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Science Fair Information Night

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Presentation on theme: "Science Fair Information Night"— Presentation transcript:

1 Science Fair Information Night
Presented by: Ms. Sanjudo and Ms. Coolidge No notes. GREAT WEBSITE: Science Buddies: Provides free science fair project ideas, answers, and tools for serious students. Visit online:

2 What is a science fair? A journey of scientific inquiry Investigation
Students answer a scientific question by conducting an experiment. If available, go ahead and provide parents with the date of the science fair and the date of the kickoff.

3 Student Benefits Inquiry and Experiential
This is their own learning adventure. They might explore topics such as: Timing ocean tides How gears work How light affect plants No notes.

4 Student Benefits, continued
Integrates skills they’ve learned in other classes: Math skills Computer skills Research skills Writing and presentation skills No notes.

5 Student Benefits, continued
Furthers students’ interest in science Serves as a basis for future science fairs, which present opportunities for scholarships, awards, and prestige Promotes interest in a science career The school fair is the first step in the competitions that lead up to the international level, where prizes total over $3,000,000 and the top winners take home $50,000 scholarships. These competitions are for middle school and above. But even doing projects at the elementary level gets students ready to participate at these fairs later on. Preparing a science fair project is an excellent example of what education experts call active learning or inquiry (also, hands-on learning). It is a very effective instructional method; indeed, it is recommended as a cornerstone of successful science teaching. Yet, according to the National Research Council, active learning is not employed often enough in the classroom and its absence is seen as one of the key factors behind kids losing interest in science and not performing to their potential.

6 Project Planning Our planning involves breaking the science project into small, manageable assignments that are spread out over time. We will provide students with detailed guides to explain exactly what needs to be done at each step of the project. No notes.

7 Partnership Students Work Responsibility Science Fair Success Parents
If students don’t create their own learning experience, it defeats the purpose of the active inquiry. Science Fair Success Parents Encourage Answer questions Supervise safety Come to the fair! Teachers Step-by-step assignments Checkpoints graded along the way

8 Partnership, continued
Students Work Responsibility Parents Encourage Answer questions Supervise safety Come to the fair! Although most work is done at home, steps will be explained and graded in class. By breaking down the work into small manageable chunks, teachers and parents will have checkpoints to make sure the students are headed in the right direction. Having key steps and milestones will help students with the time-management portion of the project. Science Fair Success Teachers Step-by-step assignments Checkpoints graded along the way

9 Partnership, continued
Students Work Responsibility We will provide you with a guide to help you support your child. This guide will give you tips and information about how to get involved with your child’s project, while ensuring they get the most out of the learning experience. Science Fair Success Parents Encourage Answer questions Supervise safety Come to the fair! Teachers Step-by-step assignments Checkpoints graded along the way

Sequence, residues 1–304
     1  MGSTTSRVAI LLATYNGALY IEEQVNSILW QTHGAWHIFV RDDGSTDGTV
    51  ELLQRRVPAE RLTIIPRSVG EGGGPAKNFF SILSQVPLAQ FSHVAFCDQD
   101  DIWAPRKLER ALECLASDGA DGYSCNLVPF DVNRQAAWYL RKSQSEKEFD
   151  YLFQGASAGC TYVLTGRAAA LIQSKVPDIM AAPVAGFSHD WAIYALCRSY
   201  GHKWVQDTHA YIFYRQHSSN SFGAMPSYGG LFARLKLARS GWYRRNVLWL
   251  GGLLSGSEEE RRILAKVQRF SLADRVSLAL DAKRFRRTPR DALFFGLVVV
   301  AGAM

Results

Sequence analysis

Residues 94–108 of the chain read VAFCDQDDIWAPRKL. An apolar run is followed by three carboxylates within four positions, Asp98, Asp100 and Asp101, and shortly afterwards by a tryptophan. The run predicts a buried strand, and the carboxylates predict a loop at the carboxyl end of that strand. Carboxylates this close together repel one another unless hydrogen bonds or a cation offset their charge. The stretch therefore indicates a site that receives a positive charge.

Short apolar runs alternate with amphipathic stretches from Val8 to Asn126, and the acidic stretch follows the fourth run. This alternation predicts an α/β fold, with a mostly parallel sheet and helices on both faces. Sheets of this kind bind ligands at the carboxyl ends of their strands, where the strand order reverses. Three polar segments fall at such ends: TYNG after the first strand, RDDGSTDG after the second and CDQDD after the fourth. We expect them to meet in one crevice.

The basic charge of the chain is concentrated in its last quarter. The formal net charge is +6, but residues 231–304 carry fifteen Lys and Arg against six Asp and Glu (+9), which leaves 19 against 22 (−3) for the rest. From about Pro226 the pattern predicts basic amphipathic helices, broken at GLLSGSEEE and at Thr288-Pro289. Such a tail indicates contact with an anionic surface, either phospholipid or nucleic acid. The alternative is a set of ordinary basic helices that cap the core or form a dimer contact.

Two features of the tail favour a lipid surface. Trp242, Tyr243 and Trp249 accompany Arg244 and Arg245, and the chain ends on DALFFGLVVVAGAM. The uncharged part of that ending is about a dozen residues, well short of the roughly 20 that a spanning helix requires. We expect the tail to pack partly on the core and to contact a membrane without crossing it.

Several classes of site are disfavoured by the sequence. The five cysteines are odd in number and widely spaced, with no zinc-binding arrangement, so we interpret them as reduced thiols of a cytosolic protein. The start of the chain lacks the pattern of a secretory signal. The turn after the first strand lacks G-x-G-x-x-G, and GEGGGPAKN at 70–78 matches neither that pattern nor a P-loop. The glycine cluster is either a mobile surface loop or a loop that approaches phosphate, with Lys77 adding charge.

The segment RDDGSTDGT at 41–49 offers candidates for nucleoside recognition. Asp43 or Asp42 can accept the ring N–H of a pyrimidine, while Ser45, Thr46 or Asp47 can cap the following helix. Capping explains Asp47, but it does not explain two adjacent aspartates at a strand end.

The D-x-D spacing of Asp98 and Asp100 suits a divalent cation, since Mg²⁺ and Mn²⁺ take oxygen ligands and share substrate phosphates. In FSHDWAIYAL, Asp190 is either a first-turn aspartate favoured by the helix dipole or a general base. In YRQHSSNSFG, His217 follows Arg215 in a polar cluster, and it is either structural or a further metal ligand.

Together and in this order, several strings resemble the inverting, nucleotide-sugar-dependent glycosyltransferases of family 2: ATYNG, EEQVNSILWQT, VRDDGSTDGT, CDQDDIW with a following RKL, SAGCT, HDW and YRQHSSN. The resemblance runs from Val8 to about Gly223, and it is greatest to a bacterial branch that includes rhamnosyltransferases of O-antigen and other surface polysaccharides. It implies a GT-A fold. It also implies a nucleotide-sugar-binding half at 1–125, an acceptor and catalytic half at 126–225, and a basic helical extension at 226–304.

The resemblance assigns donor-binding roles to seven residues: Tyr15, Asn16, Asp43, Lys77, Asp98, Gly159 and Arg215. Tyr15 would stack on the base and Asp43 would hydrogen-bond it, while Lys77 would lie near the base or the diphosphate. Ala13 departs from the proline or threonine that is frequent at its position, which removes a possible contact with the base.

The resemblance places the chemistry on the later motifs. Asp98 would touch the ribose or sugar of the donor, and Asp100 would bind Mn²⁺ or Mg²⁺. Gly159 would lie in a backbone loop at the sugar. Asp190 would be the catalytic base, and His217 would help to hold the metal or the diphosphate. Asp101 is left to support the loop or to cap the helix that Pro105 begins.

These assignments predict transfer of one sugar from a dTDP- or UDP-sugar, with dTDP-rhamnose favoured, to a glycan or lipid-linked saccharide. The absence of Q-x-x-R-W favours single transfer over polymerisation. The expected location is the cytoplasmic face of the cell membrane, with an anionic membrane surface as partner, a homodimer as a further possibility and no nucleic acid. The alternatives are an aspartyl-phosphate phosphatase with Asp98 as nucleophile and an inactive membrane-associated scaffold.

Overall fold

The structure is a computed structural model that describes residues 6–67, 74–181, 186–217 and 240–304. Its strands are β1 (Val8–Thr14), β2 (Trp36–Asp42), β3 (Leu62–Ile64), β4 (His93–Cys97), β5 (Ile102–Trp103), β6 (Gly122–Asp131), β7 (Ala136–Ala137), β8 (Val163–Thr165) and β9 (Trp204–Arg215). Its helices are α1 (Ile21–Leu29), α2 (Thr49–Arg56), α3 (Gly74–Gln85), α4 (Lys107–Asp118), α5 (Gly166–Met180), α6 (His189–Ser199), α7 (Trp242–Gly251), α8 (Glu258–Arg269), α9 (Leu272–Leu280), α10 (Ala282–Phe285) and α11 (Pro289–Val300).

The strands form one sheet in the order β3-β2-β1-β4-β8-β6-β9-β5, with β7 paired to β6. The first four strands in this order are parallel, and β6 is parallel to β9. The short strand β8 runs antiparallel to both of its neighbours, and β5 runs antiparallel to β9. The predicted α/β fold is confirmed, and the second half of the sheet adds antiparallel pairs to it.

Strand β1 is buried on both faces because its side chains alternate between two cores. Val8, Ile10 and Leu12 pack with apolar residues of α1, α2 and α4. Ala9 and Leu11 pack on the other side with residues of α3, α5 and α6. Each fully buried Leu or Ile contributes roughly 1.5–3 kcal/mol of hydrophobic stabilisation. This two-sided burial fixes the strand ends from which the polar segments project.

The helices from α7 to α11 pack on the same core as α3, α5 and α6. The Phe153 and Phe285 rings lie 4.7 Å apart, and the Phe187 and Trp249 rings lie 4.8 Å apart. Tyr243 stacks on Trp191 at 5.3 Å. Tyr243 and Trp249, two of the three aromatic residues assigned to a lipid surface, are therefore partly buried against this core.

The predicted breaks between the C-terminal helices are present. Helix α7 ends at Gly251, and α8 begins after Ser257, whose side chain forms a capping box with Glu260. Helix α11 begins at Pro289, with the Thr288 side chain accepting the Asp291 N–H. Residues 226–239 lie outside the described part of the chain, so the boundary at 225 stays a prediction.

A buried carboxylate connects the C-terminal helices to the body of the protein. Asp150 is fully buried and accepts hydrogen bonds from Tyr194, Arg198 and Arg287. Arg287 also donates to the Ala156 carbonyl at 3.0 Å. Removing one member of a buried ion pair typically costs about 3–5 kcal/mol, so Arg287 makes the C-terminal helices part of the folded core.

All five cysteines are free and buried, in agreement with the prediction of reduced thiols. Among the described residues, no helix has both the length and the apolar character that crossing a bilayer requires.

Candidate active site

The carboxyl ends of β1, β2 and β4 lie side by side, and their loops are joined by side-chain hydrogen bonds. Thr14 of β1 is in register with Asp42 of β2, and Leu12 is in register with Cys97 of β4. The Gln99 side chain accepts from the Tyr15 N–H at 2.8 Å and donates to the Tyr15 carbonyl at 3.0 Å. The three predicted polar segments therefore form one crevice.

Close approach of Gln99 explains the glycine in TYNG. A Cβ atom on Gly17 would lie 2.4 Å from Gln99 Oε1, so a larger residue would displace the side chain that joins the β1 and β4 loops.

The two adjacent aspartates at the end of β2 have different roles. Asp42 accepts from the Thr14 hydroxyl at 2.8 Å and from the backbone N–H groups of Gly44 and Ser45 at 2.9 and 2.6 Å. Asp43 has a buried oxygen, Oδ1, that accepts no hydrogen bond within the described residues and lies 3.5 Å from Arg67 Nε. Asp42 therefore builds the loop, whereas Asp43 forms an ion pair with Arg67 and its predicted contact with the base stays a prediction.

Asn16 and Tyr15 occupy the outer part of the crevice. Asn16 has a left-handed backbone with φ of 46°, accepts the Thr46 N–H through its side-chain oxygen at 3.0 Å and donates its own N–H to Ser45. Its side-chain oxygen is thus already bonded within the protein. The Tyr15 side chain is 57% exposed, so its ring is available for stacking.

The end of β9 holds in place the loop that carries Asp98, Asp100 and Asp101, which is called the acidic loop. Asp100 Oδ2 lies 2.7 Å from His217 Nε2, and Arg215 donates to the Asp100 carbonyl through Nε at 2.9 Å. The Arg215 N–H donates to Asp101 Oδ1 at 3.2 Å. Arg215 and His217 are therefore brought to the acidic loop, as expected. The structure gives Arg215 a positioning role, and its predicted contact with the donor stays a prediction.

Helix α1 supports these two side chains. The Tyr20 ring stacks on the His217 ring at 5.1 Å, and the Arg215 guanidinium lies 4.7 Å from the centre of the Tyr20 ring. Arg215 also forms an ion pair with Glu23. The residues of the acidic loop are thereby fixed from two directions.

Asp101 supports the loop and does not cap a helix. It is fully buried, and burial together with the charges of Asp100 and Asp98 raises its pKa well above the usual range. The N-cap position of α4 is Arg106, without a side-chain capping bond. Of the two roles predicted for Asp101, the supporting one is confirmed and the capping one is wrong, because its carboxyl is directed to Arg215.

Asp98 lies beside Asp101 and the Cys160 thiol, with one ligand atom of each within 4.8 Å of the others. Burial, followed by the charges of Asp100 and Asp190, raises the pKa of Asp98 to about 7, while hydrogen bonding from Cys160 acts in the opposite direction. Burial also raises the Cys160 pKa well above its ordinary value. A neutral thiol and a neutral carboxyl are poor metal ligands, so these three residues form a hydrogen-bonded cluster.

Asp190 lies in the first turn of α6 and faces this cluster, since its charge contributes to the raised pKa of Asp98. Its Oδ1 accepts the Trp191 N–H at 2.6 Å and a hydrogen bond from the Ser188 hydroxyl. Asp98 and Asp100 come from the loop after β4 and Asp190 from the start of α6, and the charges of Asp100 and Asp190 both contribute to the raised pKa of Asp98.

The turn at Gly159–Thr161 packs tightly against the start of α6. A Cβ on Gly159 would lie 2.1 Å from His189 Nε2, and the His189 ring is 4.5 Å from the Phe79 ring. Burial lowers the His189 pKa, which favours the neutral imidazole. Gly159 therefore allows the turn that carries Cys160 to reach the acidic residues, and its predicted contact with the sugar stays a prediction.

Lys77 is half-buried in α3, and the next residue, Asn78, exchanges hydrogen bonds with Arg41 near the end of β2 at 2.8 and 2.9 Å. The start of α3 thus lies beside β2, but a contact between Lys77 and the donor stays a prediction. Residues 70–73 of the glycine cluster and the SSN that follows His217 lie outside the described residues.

10 Assignments A schedule of assignments outlines the due dates for every assignment. Students will receive a grade for each assignment as well as a grade at the end for the completed project, report, and presentation. We encourage parents to guide and assist their children with the project, but allow them to do most of the work on their own!

11 Science Fair Packets Go Home with Students
Science Fair Time Line Monday, March 21, 2011 Science Fair Packets Go Home with Students Wednesday, March 30, 2011 Science Fair Parent Workshop 6:30 to 8:00 School Cafeteria Friday, April 1, 2011 Student Contract and Experiment topic due Thursday, April 7, 2011 Title, Problem Statement, and Materials list due Thursday, April 14, 2011 Research and Bibliography due Thursday, April 21, 2011 Hypothesis, Controls, Independent, and Dependent Variables due Monday, April 25, 2011 Procedures, Data (qualitative and quantitative) Results, Observation and Application due Thursday, April 28, 2011 Abstract, Acknowledgements, and Report with a Table of Content due Monday, May 2, 2011 PROJECTS ARE DUE May 2 – 6, 2011 In-class presentations of science projects Wednesday, May 11, 2011 Set-up projects in the cafeteria. Teacher will select top two projects from each class. Thursday, May 12, 2011 Judging of science fair projects Science Fair Night 6:30-8:00 pm

12 Overview 6 Science Fair Project Steps Ask a question.
Do background research. Construct a hypothesis. Test the hypothesis by doing an experiment. Analyze the data and draw a conclusion. Communicate the results. Elementary school students, depending on age or skill-set, may or may not do background research.

13 Ask a question. This is the foundation.
If your child identifies a question that is safe and can be answered through experimentation, the rest of the project will follow. Be sure this is NOT a demonstration. It MUST test data. Avoiding the shaky foundation: at this point, each student will fill out a project proposal, which is a rough map of where they plan to head. It is critical for me to evaluate each one so that the students can re-do their questions at this point, if it they are not practical or not safe.